1. The BES is C++ framework used to read data and build responses
  2. The libdap library is the implementation of DAP we use
  3. The OLFS implements the Web API of the server
  4. The hyrax-docker project is used to build the docker container
  5. Also available is the hyrax repository that serves as a meta-repo for the server

Data Handlers

We provide different data handlers for Hyrax, and we classify them according to the various degrees of support:

  1. Full Support: We ensure these work with the latest version of Hyrax, and we provide binary builds for these data handlers.
  2. Intermediate Support: We provide source releases of these handlers, and often test them against the current Hyrax release. We do not provide binary builds for these data handlers, but these data handlers are open-source and can be found on our GitHub repository. Upon request, we can provide write-access.

PyDAP also supports tabular csv and other data handlers, and can be. For more on PyDAP’s data handlers, visit PyDAP’s documentation.

Hyrax also supports Response Handlers and Server function handlers. For more on this, see official documentation.

Fully Supported Data Handlers

  • HDF4: Handler that reads data stored in HDF 4 and HDF-EOS2 files. To run this you will also need the HDF 4 libraries on your system.
  • HDF5: Handler that reads data stored in the hierarchical HDF5 format.
  • NETCDF3: Handler that reads data stored in the netCDF3 version.
  • NETCDF4: Handler that reads data stored in the netCDF4 version.
  • DMR++: Handler that reads data stored in HDF5/netCDF4 directly from S3 or Google Cloud Store (GCS).
  • FreeForm: Designed to work with ASCII and binary data in tabular format.
  • FITS: This data handler allows reading FITS (Flexible Image and Table Format) astronomical data.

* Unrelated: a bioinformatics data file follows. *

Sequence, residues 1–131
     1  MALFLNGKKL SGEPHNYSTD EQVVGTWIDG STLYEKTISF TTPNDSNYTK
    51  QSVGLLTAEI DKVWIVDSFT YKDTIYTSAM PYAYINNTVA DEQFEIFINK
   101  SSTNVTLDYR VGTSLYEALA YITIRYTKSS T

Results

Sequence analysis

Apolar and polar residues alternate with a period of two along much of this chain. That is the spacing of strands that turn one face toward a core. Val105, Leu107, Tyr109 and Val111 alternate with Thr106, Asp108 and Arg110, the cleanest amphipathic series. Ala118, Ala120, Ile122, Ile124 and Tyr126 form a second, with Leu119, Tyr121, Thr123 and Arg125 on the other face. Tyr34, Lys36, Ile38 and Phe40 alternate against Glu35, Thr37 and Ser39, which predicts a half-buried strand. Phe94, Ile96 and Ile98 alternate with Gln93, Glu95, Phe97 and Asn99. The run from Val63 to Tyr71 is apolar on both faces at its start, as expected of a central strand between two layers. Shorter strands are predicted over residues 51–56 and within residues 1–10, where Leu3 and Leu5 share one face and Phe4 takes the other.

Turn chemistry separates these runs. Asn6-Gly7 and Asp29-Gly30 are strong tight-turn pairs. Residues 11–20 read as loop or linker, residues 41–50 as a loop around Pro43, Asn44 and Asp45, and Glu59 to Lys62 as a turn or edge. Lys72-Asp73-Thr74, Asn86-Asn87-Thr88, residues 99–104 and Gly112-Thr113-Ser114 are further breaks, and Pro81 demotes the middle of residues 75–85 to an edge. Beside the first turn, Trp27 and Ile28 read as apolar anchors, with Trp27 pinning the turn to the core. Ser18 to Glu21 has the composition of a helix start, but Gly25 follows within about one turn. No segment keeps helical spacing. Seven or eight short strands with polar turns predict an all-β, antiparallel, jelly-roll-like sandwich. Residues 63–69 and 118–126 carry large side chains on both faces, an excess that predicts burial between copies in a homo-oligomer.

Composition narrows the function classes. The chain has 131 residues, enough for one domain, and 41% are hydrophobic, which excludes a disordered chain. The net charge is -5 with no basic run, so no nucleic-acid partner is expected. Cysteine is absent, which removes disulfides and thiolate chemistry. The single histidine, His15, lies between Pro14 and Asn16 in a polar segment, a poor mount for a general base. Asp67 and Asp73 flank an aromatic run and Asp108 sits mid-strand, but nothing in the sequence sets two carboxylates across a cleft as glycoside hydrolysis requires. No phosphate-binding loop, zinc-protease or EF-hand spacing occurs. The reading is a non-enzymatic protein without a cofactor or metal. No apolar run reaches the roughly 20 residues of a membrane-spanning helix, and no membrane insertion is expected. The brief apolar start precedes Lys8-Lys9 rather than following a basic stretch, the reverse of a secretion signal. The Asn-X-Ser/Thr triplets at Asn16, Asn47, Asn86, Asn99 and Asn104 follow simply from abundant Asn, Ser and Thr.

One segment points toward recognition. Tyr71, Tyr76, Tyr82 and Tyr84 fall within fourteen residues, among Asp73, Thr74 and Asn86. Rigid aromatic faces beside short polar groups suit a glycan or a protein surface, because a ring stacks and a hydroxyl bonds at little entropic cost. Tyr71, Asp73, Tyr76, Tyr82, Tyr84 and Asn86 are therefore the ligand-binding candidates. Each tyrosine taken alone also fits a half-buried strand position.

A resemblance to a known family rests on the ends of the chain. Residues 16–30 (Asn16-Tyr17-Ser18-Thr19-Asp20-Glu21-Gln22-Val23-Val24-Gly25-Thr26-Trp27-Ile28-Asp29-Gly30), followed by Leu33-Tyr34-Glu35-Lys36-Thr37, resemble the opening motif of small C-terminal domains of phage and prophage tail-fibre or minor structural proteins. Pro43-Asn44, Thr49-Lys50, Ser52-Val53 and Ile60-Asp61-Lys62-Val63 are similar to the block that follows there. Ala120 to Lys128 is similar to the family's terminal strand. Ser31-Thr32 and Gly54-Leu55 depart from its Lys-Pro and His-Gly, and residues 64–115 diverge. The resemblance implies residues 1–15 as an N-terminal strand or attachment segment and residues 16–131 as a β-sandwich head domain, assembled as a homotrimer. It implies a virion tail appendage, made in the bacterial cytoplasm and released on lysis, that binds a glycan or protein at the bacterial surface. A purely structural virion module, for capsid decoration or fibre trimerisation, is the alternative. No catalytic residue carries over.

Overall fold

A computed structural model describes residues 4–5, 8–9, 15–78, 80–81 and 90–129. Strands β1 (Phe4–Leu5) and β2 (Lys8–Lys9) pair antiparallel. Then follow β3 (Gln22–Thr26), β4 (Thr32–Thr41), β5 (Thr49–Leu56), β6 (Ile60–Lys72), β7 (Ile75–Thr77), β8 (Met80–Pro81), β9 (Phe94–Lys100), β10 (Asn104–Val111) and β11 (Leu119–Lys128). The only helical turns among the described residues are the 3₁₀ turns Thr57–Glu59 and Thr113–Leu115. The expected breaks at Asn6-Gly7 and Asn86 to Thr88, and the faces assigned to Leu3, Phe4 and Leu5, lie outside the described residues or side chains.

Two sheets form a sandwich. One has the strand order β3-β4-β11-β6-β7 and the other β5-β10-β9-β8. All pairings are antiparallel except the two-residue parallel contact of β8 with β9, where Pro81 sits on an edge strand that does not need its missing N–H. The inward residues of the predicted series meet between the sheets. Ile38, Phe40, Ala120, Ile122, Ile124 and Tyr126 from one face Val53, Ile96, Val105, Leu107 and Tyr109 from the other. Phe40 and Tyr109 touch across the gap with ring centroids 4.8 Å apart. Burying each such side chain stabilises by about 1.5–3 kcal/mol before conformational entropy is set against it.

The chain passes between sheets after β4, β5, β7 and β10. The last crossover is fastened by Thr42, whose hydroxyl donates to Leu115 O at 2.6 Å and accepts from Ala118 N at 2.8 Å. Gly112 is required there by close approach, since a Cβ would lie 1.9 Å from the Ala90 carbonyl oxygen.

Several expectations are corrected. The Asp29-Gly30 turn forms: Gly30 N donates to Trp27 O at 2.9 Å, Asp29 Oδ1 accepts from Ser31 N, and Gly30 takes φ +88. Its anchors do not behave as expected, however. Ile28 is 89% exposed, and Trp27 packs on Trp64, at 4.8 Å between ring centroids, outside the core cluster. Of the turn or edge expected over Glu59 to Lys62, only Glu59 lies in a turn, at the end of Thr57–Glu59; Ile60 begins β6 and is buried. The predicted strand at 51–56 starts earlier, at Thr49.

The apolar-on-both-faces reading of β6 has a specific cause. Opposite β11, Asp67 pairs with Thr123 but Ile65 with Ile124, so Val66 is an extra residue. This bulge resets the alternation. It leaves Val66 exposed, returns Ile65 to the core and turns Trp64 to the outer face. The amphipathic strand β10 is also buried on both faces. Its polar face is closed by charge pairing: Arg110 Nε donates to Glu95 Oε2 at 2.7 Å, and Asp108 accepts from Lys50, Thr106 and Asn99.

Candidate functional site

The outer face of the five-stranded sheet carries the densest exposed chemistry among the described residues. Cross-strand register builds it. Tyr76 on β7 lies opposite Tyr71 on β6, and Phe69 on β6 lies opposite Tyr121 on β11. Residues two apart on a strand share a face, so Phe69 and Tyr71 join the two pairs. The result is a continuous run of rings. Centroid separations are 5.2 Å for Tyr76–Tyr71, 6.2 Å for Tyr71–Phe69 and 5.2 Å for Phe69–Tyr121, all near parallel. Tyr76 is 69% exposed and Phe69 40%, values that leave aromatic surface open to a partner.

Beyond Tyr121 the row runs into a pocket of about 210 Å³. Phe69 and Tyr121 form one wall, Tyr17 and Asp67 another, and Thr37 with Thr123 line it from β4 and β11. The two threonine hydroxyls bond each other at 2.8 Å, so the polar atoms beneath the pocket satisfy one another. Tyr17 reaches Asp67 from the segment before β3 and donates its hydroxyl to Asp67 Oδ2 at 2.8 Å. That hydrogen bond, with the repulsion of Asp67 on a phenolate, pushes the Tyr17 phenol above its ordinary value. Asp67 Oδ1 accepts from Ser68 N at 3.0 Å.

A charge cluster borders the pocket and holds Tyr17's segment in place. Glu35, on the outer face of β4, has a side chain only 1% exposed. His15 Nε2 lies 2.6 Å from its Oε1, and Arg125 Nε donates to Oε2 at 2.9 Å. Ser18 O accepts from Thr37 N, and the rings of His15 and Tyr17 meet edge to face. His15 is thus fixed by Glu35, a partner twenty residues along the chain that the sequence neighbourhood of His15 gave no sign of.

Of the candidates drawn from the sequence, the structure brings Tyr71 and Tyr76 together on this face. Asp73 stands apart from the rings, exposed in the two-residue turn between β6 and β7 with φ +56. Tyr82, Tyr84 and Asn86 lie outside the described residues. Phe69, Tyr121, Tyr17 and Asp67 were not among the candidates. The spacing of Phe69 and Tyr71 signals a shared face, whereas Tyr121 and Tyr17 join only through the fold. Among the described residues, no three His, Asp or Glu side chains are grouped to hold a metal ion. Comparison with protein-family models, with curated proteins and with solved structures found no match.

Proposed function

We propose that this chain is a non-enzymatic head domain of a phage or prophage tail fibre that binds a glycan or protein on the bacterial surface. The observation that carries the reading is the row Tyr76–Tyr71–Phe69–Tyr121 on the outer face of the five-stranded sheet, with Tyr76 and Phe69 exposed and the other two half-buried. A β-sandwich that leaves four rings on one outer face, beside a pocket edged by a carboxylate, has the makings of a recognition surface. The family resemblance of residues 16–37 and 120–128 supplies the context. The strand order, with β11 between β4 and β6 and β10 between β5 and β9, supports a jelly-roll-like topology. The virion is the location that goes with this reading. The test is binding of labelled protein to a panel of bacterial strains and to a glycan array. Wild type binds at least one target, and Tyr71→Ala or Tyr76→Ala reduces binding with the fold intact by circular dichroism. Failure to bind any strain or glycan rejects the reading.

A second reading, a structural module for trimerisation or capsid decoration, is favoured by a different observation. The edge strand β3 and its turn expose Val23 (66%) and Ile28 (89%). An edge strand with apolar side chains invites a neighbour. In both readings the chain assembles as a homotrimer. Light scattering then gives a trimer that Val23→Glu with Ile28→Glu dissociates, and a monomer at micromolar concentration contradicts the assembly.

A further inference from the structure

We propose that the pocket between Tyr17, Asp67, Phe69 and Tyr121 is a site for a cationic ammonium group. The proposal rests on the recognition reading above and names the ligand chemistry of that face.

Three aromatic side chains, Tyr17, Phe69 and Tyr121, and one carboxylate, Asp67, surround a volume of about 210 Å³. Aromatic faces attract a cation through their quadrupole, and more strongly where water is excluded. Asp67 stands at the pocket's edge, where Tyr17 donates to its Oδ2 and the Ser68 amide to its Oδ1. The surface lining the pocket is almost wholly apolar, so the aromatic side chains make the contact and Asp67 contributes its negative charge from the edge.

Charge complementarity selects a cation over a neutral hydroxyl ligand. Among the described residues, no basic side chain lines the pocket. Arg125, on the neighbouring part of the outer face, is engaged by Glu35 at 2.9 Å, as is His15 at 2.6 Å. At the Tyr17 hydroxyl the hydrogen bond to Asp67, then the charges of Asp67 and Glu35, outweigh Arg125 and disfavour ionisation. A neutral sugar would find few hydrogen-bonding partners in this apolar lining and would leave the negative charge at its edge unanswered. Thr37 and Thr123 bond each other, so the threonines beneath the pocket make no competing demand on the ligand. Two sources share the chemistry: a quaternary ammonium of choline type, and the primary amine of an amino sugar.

• GDAL: This handler reads from any of the file formats the library GDAL supports. The formats include GeoTIFF, JPEG2000, and many other formats common in the GIS world.
  • NcML: This handler reads from XML representations of netCDF metadata. This handler is a subset of the NcML, and therefore allows the creation of virtual datasets by modifying and aggregating other datasets.
  • Gateway: This remote access handler, while not technically a data format, allows to pull data from a remote location to Hyrax so that it can be served.
  • HTTPD Catalog: This remote access handler uses THREDDS catalogs to build local inventories of data that may be local or remote. In the latter case, data is transferred to Hyrax and then served.

Data Handlers with Source-only Support

  • SQL: This handler allows access to SQL databases using ODBC drivers. This code is fairly general and will work with any data source that can be accessed using ODBC. It can be accessed in OPeNDAP’s Github Repository (sql).
  • CDF: The data handler was originally for a demo at the SISIC meeting. The handler can be accessed in OPeNDAP’s Github Repository (cdf).
  • CEDAR: The data handler allows reading of upper atmosphere data from the CEDAR project. The handler can be accessed in OPeNDAP’s Github Repository (cedar).